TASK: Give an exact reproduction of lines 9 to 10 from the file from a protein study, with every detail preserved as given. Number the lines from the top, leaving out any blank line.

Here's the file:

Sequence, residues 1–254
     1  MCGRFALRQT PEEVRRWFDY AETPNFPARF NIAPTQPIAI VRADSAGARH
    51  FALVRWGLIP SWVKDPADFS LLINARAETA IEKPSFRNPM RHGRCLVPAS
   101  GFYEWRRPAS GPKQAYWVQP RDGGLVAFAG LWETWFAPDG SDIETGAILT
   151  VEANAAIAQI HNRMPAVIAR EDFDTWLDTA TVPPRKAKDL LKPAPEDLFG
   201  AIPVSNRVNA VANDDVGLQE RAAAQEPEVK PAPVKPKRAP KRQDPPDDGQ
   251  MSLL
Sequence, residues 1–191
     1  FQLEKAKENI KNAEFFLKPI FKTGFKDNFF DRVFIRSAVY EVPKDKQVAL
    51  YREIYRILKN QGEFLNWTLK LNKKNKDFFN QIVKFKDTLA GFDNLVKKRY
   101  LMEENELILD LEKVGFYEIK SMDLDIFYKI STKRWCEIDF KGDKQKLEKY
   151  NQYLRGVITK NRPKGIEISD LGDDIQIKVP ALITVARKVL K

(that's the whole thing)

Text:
     1  FQLEKAKENI KNAEFFLKPI FKTGFKDNFF DRVFIRSAVY EVPKDKQVAL
    51  YREIYRILKN QGEFLNWTLK LNKKNKDFFN QIVKFKDTLA GFDNLVKKRY